Ag-Be alloy containing Be 0.5% by weight was melted in a curing device as shown in FIG. 3 wherein 1 denotes a graphite crucible, 2 denotes heaters and a tank 5 is disposed below the crucible 1 for supplying flowing water. The melted silver alloy was jetted from the crucible 1 by introducing Ar gas in X direction from above so that the melted silver alloy was drawn from the port 6 and cured by contacting the jetted silver alloy wire with water flowing from the tank 5, whereby a thin Ag-Be alloy wire having a 0.2 mm diameter was produced.

EXAMPLE 4

Au-Be alloy containing Be 0.2% by weight was melted in the same kind of the crucible 1 used in the example 1. A round gold alloy wire having a 0.2 mm diameter with a smooth surface was obtained in the same manner as described in the example 1. For the purpose of comparison, pure gold of purity of 99.99% was melted and jetted in the same manner as used in the example 1, elongated wire could not be obtained but the jetted material took shape of spherical grain.

EXAMPLE 5

An elongated thin wire having a 0.15 mm diameter was prepared by the same method as used in the example 1 except for using Au alloy containing Cu 10% Sn 5%, Zn 0.3%, In 1%, Ag 5% and Be 0.4%. The wire was subjected to annealing continuously in a tunnel furnace and subsequently, the wire was drawn up to 0.03 mm diameter. In this case the drawing performance was good with a high productivity.

EXAMPLE 6

Au-Be alloy containing both Be 0.5% by weight and impurity of Si, Ge, Co, Ga, Al, Pd, Pt, Pb, Mg, Fe, Ni, Co, Ca, B, Bi and P within 0.05 through 2% respectively with a total of 20% by weight was melted by means of a curing device as shown in FIG. 3. The melted gold alloy was jetted from the crucible 1 by introducing Ar gas in X direction from above so that the melted gold alloy was drawn from the port 6 and cured by contacting the jetted gold alloy wire with water flowing from the tank 5, whereby the thin gold alloy wire having a 0.2 mm diameter.

EXAMPLE 7

Cu-Be alloy containing Be 0.08% by weight was melted by means of the crucible 1 as shown in FIG. 1 in the same manner as described in the example 1. Subsequently Ar gas was introduced in the crucible 1 in the direction X from above, thereby causing the Cu-Be melted alloy to be jetted by the pressure of the Ar gas through a round hole 6 defined on the bottom of the crucible 1 into a rotating water stream having a cylindrical shape with 10 mm thickness flowing along the inner surface of a rotary drum 3, whereby a round copper alloy wire having a 0.2 mm diameter was obtained.

EXAMPLE 8

A Cu alloy wire having a 0.1 mm diameter was obtained by the same method as used in the example 1. The wire was drawn up to 0.05 mm diameter by a cold drawing, subsequently the drawn wire was subjected to a pre-annealer and enamel coating process. Conductivity of the conductor wire obtained as mentioned above was 85% IACS. It is therefore apparent that the conductor wire of this example has a sufficient conductivity as an electrical conductor.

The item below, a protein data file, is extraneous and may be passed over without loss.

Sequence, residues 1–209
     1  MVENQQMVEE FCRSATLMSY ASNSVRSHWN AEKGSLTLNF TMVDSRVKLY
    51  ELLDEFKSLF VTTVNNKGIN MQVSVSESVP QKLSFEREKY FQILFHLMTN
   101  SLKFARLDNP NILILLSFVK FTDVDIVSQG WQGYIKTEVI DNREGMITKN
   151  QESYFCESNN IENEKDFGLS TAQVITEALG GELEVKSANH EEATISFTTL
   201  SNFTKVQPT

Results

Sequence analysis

EXAMPLE 9

A Cu alloy wire having a 0.1 mm diameter was obtained by the same method as used in the example 7. After the wire was annealed in a tunnel furnace continuously, the wire was drawn up to a 0.025 mm diameter. The performance of the drawing process was good with a high productivity. The wire thus processed was coated with enamel in the same manner as in the example 8 for use in conductors of electronic clocks.

EXAMPLE 10

A Cu-Be alloy containing Be 0.05% by weight was cured to obtain a Cu alloy wire having a 0.2 mm diameter by the water flow curing device as shown in FIG. 3. The Cu alloy wire was annealed with a temperature of 300 C. for 2 hours, subsequently the wire was drawn up to a 0.1 mm diameter by cold drawing and in turn the wire was coated by melted stannum Sn. In the process of coating, the wire was softened whereby a soft thin conductor wire was obtained. The conductivity of the conductor wire was 90% IACS.

Patent Citations
Cited PatentFiling datePublication dateApplicantTitle
US3856513 *Dec 26, 1972Dec 24, 1974Allied ChemNovel amorphous metals and amorphous metal articles
US4448851 *Sep 20, 1982May 15, 1984Allied CorporationHomogeneous low melting point copper based alloys
US4495691 *Mar 29, 1982Jan 29, 1985Tsuyoshi MasumotoProcess for the production of fine amorphous metallic wires
US4523626 *Apr 9, 1984Jun 18, 1985Tsuyoshi MasumotoAmorphous metal filaments and process for producing the same
JPS5770062A * Title not available
Referenced by
Citing PatentFiling datePublication dateApplicantTitle
US4946746 *Dec 6, 1988Aug 7, 1990Toyo Boseki Kabushikia KaishaNovel metal fiber and process for producing the same
US6159420 *May 23, 1997Dec 12, 2000Tanaka Denshi Kogyo K.K.Gold alloy wire and method for making a bump
US6213382Jan 5, 1999Apr 10, 2001Tanaka Denshi Kogyo K.K.Method for making a bump
CN1038486C *Nov 12, 1991May 27, 1998中国有色金属工业总公司昆明贵金属研究所Method and apparatus for continuous casting metal wires
EP0810293A1 *May 28, 1997Dec 3, 1997Tanaka Denshi Kogyo Kabushiki KaishaGold alloy wire and method for making a bump
Classifications
U.S. Classification164/463, 164/462
International ClassificationB22D11/00
Cooperative ClassificationB22D11/005
European ClassificationB22D11/00B
Legal Events
DateCodeEventDescription
Apr 19, 1999FPAYFee payment
Year of fee payment: 12
Apr 12, 1995FPAYFee payment
Year of fee payment: 8
Apr 18, 1991FPAYFee payment
Year of fee payment: 4